First and foremost, there’s Chucky’s continued battle with authority, which is worth pointing out as we make the transition to a military academy. This was a theme that really came to the forefront in Child’s Play 2. There’s a distinctly anti-authority mentality to child which especially made sense for the first two, as they had a child protagonist. In fact, Chucky is basically—in part, at least—a child’s id run rampant. That was a major aspect of the original, of course, when Andy spent at least a portion of the movie as the prime suspect for Chucky’s crimes. That theme goes all the way back to the original script. Before Tom Holland’s rewrites that introduced the voodoo aspect, Mancini’s script was titled Blood Buddy. Instead of the doll being possessed by the soul of a serial killer, it was a doll that had synthetic blood as a marketing ploy (to sell Good Guy brand band-aids) that the Andy character made a blood pact with, unknowingly bringing it to life in the process. The original script seems an interesting kind of childhood Jekyll & Hyde story, as Chucky was targeting people Andy was subconsciously angry with, without the boy even knowing he was doing it. Child’s Play and Child’s Play 2 obviously feature a very different doll, but scenes like killing the teacher with her own ruler or snapping the mean foster dad’s neck definitely have heavy echoes of that.

Child’s Play 3 kicks Chucky’s anti-authority streak up to a whole other level. First and foremost, he takes out the series’ biggest authority figure yet in the opening minutes by strangling the CEO of PlayPals Toys. Then, though, it’s off to military school. Even though Andy has grown up a bit as a character, he’s a troubled teen spat out by the foster system with more problems with authority than he’s probably ever had before. The Colonel has no sympathy for him, even when he admits he’ll “cut him some slack,” and he’s relentlessly targeted by Lieutenant Shelton, his direct superior who takes every opportunity to let him know how superior he is. Chucky, of course, does both of these characters in, but it’s the ways in which he kills them that really highlight some of the movie’s deeper themes.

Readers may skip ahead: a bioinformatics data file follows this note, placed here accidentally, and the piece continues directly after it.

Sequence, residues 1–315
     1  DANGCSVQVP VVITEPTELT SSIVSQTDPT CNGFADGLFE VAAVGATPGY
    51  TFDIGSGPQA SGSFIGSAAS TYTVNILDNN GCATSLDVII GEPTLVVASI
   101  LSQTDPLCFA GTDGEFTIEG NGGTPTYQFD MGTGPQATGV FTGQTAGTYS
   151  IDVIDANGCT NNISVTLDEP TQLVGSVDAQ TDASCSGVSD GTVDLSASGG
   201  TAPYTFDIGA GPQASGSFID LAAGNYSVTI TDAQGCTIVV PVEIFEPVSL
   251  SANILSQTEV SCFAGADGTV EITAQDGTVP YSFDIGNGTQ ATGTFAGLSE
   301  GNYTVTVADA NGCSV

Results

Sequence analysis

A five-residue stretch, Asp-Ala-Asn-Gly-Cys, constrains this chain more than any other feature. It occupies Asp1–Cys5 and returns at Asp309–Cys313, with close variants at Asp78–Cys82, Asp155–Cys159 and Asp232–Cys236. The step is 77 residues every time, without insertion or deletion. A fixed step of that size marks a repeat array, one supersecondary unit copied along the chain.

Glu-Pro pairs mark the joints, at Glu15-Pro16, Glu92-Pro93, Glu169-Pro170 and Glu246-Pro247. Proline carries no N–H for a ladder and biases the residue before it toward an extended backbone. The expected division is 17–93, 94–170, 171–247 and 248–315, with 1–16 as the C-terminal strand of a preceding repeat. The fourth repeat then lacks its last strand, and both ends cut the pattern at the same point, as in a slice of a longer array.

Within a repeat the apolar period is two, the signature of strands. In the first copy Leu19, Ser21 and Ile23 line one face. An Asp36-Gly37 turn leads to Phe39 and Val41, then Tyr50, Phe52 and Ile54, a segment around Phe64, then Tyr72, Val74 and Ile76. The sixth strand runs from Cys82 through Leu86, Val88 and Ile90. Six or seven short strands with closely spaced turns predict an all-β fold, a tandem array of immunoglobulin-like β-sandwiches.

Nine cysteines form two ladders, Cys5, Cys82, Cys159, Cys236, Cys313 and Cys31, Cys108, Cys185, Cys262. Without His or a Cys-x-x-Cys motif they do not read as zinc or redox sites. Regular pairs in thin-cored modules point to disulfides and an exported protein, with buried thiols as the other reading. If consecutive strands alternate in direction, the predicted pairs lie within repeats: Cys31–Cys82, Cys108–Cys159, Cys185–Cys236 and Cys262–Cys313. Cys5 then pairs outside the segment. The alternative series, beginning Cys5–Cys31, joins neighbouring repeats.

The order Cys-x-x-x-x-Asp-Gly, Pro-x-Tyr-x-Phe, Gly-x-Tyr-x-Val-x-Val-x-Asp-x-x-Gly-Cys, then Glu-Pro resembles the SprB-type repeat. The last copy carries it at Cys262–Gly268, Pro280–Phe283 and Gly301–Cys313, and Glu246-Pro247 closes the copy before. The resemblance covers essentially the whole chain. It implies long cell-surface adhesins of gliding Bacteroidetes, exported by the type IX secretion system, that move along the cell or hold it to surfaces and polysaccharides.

These characters, like many at Kent Military Academy, like to present themselves as the baddest of the bad. Nobody can shut up about how badass they are, whether it’s Shelton’s notoriety as a hardass or the Colonel’s impressive war record. That’s the irony of it all. Both are hard-edged soldier types and both are killed by an androgynous little doll. Shelton is gobsmacked by Chucky and totally freezes in the moment, he’s not even aware that he’s been shot until he’s already lying on the ground dying. Colonel Cochrane, however, takes it even further. This man’s a decorated war hero and everybody celebrates how tough and fearless he is. It’s the ultimate subversion of the tough guy trope, then, when this character takes one look at Chucky as the doll lunges at him with a knife, and promptly suffers a heart attack and dies.

That’s one of the things that so great about Child’s Play 3. Not only is it a slasher where every female character makes it out alive (and there are girls at the school) but it’s one that constantly challenges gender tropes in general. All of the tough guys are cannon fodder. They’re taken out left and right, especially during the shocking (and admittedly nonsensical) paintball scene. But then we have our heroes, each of whom are worth examining in this context.